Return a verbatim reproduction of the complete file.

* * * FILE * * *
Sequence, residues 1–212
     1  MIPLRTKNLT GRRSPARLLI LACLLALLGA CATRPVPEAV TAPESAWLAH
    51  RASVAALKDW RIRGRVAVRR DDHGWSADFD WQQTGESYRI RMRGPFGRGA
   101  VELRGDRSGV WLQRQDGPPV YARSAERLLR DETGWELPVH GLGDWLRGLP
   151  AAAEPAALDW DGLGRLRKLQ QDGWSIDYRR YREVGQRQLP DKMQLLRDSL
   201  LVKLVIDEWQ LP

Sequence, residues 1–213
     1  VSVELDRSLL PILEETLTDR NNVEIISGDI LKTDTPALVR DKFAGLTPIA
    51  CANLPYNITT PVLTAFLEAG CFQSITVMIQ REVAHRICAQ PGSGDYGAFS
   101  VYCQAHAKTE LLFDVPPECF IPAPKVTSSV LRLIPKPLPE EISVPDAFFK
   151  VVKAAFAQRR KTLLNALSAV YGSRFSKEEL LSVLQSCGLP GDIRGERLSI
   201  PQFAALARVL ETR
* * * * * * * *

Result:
Sequence, residues 1–212
     1  MIPLRTKNLT GRRSPARLLI LACLLALLGA CATRPVPEAV TAPESAWLAH
    51  RASVAALKDW RIRGRVAVRR DDHGWSADFD WQQTGESYRI RMRGPFGRGA
   101  VELRGDRSGV WLQRQDGPPV YARSAERLLR DETGWELPVH GLGDWLRGLP
   151  AAAEPAALDW DGLGRLRKLQ QDGWSIDYRR YREVGQRQLP DKMQLLRDSL
   201  LVKLVIDEWQ LP

Sequence, residues 1–213
     1  VSVELDRSLL PILEETLTDR NNVEIISGDI LKTDTPALVR DKFAGLTPIA
    51  CANLPYNITT PVLTAFLEAG CFQSITVMIQ REVAHRICAQ PGSGDYGAFS
   101  VYCQAHAKTE LLFDVPPECF IPAPKVTSSV LRLIPKPLPE EISVPDAFFK
   151  VVKAAFAQRR KTLLNALSAV YGSRFSKEEL LSVLQSCGLP GDIRGERLSI
   201  PQFAALARVL ETR